Economics Dictionary of Arguments

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Brocker I 327
Sense/Camus: Camus prolongs Descartes' methodical doubt, which raises doubts not only about the knowledge but also about the meaningfulness of the world: "The revolt germinates at the sight of unreason, before an unjust and incomprehensible life" (1).
Brocker I 329
For Camus, the meaning of revolt does not come from a world view propagated by revolts, from an ideology, but from their hopes and dreams in the face of an unjust world. (2)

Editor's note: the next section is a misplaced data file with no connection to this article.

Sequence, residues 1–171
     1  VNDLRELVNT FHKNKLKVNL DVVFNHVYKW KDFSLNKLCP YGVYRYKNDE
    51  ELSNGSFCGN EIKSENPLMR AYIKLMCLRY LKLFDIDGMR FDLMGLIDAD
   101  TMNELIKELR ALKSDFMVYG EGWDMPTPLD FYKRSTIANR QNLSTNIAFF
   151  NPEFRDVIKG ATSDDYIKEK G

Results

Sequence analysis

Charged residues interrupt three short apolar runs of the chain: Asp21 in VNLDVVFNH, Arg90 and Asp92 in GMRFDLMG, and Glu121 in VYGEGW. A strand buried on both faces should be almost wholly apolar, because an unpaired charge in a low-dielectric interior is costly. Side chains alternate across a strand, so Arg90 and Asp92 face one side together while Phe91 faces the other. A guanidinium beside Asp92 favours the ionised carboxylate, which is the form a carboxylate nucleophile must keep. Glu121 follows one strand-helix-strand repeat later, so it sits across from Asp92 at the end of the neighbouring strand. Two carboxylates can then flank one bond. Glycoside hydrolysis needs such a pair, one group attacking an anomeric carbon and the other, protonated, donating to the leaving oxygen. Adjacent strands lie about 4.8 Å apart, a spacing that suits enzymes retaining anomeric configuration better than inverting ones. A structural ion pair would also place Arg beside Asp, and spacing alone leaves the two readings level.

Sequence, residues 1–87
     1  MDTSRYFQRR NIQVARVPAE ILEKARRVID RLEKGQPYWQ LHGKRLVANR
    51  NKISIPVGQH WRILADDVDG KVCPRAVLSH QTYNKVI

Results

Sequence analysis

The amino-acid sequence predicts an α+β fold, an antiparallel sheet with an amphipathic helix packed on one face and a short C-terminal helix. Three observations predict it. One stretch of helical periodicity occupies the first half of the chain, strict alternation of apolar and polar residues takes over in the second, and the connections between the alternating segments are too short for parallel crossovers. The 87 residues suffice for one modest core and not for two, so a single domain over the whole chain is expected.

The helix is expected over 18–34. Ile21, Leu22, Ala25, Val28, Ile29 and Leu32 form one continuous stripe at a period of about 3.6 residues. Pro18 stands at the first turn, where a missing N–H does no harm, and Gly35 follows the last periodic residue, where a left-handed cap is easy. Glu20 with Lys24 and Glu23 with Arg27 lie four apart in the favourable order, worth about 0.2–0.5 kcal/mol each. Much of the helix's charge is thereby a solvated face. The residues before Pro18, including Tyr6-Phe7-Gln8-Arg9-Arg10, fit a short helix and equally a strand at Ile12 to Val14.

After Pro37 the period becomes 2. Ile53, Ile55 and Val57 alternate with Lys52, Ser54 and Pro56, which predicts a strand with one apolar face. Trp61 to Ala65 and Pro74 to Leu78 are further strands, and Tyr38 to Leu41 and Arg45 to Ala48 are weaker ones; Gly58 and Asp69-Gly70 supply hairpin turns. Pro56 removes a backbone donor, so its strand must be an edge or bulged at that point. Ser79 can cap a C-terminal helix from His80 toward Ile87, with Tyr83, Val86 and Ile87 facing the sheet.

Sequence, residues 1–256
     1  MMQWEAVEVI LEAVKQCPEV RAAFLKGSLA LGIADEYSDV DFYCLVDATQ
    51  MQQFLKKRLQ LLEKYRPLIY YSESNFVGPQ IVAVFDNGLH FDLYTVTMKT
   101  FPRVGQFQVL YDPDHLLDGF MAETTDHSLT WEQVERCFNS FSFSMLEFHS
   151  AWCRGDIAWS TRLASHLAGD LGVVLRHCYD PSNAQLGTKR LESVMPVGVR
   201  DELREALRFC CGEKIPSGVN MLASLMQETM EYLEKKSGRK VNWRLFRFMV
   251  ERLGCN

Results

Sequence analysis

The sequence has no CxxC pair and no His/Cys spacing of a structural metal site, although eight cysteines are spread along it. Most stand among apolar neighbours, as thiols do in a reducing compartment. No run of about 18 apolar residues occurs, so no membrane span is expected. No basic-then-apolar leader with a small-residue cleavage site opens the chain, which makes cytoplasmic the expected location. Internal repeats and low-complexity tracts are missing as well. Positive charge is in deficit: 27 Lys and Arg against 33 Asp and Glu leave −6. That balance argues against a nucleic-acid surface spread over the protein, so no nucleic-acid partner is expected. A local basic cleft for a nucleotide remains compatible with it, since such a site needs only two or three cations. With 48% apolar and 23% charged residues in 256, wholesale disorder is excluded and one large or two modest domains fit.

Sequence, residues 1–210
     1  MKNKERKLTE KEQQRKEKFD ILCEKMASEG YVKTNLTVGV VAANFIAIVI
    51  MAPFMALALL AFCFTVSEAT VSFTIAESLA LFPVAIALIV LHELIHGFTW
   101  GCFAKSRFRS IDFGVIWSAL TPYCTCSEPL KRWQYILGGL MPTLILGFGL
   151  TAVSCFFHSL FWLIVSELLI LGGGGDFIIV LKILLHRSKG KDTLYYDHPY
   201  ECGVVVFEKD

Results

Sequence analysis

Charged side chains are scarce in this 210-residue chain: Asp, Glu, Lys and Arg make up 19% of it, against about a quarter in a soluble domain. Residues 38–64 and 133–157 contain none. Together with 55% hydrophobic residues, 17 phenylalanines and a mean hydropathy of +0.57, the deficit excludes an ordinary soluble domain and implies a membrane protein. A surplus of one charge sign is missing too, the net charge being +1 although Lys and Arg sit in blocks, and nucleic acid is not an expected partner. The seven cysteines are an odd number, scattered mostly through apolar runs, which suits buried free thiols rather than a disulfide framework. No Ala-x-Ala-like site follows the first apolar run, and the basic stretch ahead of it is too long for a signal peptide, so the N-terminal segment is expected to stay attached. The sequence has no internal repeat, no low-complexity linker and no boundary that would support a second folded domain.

1. Albert Camus, L’Homme révolté, Paris 1951. Dt.: Albert Camus, Der Mensch in der Revolte. Essays, Reinbek 1969 (zuerst 1953), S. 13.
2. Ibid. p. 84.

Hans-Martin Schönherr-Mann, „Albert Camus, Der Mensch in der Revolte (1951)“ in: Manfred Brocker (Hg.) Geschichte des politischen Denkens. Das 20. Jahrhundert. Frankfurt/M. 2018.


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Explanation of symbols: Roman numerals indicate the source, arabic numerals indicate the page number. The corresponding books are indicated on the right hand side. ((s)…): Comment by the sender of the contribution.
The note [Author1]Vs[Author2] or [Author]Vs[term] is an addition from the Dictionary of Arguments. If a German edition is specified, the page numbers refer to this edition.
Camus, Albert
Brocker I
Manfred Brocker
Geschichte des politischen Denkens. Das 20. Jahrhundert Frankfurt/M. 2018


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